Deep in the heart of Texas: Hollywood
Austin Film Festival offers oasis for screenwriters
Web posted on: Wednesday, October 07, 1998 4:20:56 PM
From CNN Interactive Writer Jamie Allen
AUSTIN, Texas (CNN) -- As far as film festivals go, it ain't Cannes. And it's located nowhere near Hollywood.
Of course, that's exactly how the folks associated with the annual Austin Film Festival and Heart of Film Screenwriters Conference want it. The fest, now in its fifth year of focusing on the art of the screenplay, boasts more untucked T-shirts than luminous celebrities, more unshaven faces than popping paparazzi flashbulbs.
And, oddly enough, Hollywood is still paying attention. In fact, Austin has quietly become a back lot for Hollywood deal-making, and a place for every screenwriter to dream.
"Clearly, this is the coolest of the film festivals."
Started by film fans Marsha Milam and Barbara Morgan, the event running from October 1-8 has succeeded by celebrating screenwriting as the most necessary element of any film. Included in the festival and writer's conference: Dozens of seminars featuring successful screenwriters, an awards ceremony with top prize going to the "best" screenplay, and film screenings that highlight new and classic cinema.
"We realized that no one was doing anything to celebrate the writer's contribution to the film industry," says Milam, describing the impetus behind the project. "And we realized without the script you don't have anything. Every great actor, every great director, every producer -- they're all trying to find scripts and it seemed odd to us that no one was honoring that."
This year's festival has attracted the likes of Gary Ross, the filmmaker who premiered his directorial debut "Pleasantville" at the town's historic Paramount Theater; filmmakers Ethan and Joel Coen ("Fargo," "Raising Arizona"); director John Landis ("Animal House," "An American Werewolf In London"); producer Debra Hill ("The Fisher King"); screenwriter Paul Schrader ("Taxi Driver," "Raging Bull"); as well as actors like Sandra Bullock, Jon Cryer, and Eric Roberts.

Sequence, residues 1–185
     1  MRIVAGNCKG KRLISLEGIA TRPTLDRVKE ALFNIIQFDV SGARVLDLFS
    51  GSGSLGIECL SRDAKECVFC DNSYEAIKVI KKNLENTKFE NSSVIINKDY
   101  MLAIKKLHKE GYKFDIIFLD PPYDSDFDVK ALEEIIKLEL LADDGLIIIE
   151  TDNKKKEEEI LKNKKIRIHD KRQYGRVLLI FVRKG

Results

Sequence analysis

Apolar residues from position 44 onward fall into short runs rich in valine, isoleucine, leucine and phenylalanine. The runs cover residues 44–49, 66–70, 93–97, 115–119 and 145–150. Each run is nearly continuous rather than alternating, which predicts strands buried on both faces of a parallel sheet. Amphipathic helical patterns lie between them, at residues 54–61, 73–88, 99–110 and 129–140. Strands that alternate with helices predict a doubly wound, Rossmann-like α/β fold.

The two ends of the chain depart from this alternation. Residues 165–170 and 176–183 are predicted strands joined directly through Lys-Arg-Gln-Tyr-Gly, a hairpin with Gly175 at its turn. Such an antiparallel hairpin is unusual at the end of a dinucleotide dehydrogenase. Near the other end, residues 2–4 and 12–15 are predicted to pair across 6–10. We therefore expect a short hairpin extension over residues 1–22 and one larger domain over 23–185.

But the presence of Hollywood elite doesn't come with the rarefied air found along the French Riviera. To the contrary, Austin is transformed from friendly capital of a sun-broiled state to friendly film town in a sun-broiled state, a place where the industry's movers and shakers actually take time out for a cup of coffee with the up-and-comers and wannabes.
"Jaws" scribe Carl Gottlieb, for instance, held a fireside chat. Dan Petrie, Jr. ("Beverly Hills Cop") hosted a late-night "coffee and clips."
Bullock, meanwhile, presented her short film "Making Sandwiches," then hosted a Q&A with audience members after the screening.
"The festival very much reflects the Austin concept," says Milam. "It's a very unpretentious town and it's very relaxed, so I think that's one thing that attracts the industry."
Throw in screenings of films from across the spectrum, from "Pleasantville" to the indie flick "Went To Coney Island On A Mission From God ... Be Back By Five" starring Jon Cryer and directed by former MTV promo king Richard Schenkman, and you have a festival buzzing with excitement.
The festival started out on a high note five years ago: The winner for best unproduced screenplay that year -- "Excess Baggage" -- was bought by Columbia Pictures and made into a film produced by and starring Alicia Silverstone.
Now, aspiring screenwriters flood the festival with hopes of breaking into the land of dreams. This year's screenwriting contest overflowed with a reported 3,620 entries.